Category: Good Times

10 years? That’s Suite and Spicy

by MIKE CHAIKEN EDITIONS EDITOR As a trained dancer, Connecticut’s Carolyn Paine had danced in her share of productions of “The Nutcracker.” Although she couldn’t imagine a holiday season without the ballet, Paine also was bored with it. “The story,…

Review: How the Grinch stole the show

by MIKE CHAIKEN EDITIONS EDITOR When Dr. Seuss’s tales are translated to mediums outside of his books and the classic TV animated specials, it seems to be required by law that the central character is played in oversized, over-the-top manner.…

Lindsey Stirling ready to warm up your Christmas

by MIKE CHAIKEN EDITIONS EDITOR Violinist Lindsey Stirling has so many Christmas memories growing up. Calling from Milwaukee, Stirling said, “My parents did Christmas well.” For instance, said Stirling, her family would go door-to-door singing Christmas carols. It wasn’t until…

Review: ‘Drag Race’ was just wow

by MIKE CHAIKEN EDITIONS EDITOR Wow, just wow. I’ve been to a handful of drag shows. Typically, though, they have been in smaller clubs with small stages and dim light. Stage production was on dependent on the performers themselves. They…

Review: Having fun with Foreigner



Although the song itself is about a rough and tumble bruiser, there is a line in the Foreigner song, “Head Knocker,” that clearly sums up vintage rockers’ show at the Mohegan Sun Arena on Thursday, Oct. 3.

“Boy does he love to play,” the song goes.

And it’s clear that Foreigner certainly loves to play.

This was a special evening for the rockers, who emerged in 1977 from the ashes of several other venerable bands to release its eponymous debut.

Not only were the current members of the band that gave us “Urgent,” “Juke Box Hero,” “Double Vision,” “Cold As Ice,” “I Want to Know What Love Is,” and so on and so on take the stage, but several former members also joined in as well.

Original members, multi-instrumentalist Ian McDonald and keyboardist Al Greenwood, as well as long-time bassist Rick Wills joined their old bandmate Mick Jones and the current members to bang out some of the group’s extensive catalog. Among the tidbits the early members played were the aforementioned “I Want to Know What Love Is.” They also played deep tracks such as “Long, Long Way from Home” and Blue Morning, Blue Day.”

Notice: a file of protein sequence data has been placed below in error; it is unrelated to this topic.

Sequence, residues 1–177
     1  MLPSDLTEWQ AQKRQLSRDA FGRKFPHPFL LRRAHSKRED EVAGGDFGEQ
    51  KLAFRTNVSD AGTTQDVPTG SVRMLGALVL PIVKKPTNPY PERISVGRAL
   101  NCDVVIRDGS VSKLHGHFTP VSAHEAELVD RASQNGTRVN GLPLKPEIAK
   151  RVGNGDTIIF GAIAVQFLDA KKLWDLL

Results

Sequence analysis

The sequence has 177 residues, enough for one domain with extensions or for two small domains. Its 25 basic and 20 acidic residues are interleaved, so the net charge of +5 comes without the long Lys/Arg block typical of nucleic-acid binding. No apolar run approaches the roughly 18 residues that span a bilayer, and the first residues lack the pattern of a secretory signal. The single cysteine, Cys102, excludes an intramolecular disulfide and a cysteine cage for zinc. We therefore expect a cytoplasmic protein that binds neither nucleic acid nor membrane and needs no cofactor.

(For the record, Foreigner is now Jones, Kelly Hansen, Jeff Pilson, Tom Gimbel, Mike Bluestein, Bruce Watson, and Chris Frazier.)

Unfortunately, longtime lead singer and Jones’ writing partner Lou Gramm was unable to attend the show as originally anticipated. He was struck ill the day before the Connecticut show.

The key for the evening was that everyone on stage looked as if they were having fun playing so many of the classic tracks that dotted the charts through the 1970s and1980s. The audience couldn’t help but be infected by the energy exuded by the band.

Seeing the older members take the stage was the biggest treat for longtime fans. And my ears told me the veterans seemed to be fitting right in with current members even if some years have intervened since they last regularly performed with Jones and Co.

Current lead singer Hansen was a true showman throughout the evening. He knows what is expected of him as the lead singer. He swung the microphone stand. He mugged for the audience. He monkeyed around with the other band members. And his voice fit nicely for songs like “Urgent” and “Hot Blooded,” and “Juke Box Hero.”

Jones also is a wonder, still offering up some stinging guitar licks and commanding the stage.

I also found it cool to hear the group, new members and older members, dust off some of Foreigner’s deep tracks such as “Long Long Way from Home” and “Head Knocker.” Those tracks were useful reminders that the group had talent beyond just hitting the top 10.

Foreigner’s Oct. 3 show was a great opportunity for fans to stir up some old memories and create new ones watching a band who clearly loves to play four decades into their career.

I give Foreigner 4 out of 5 stars.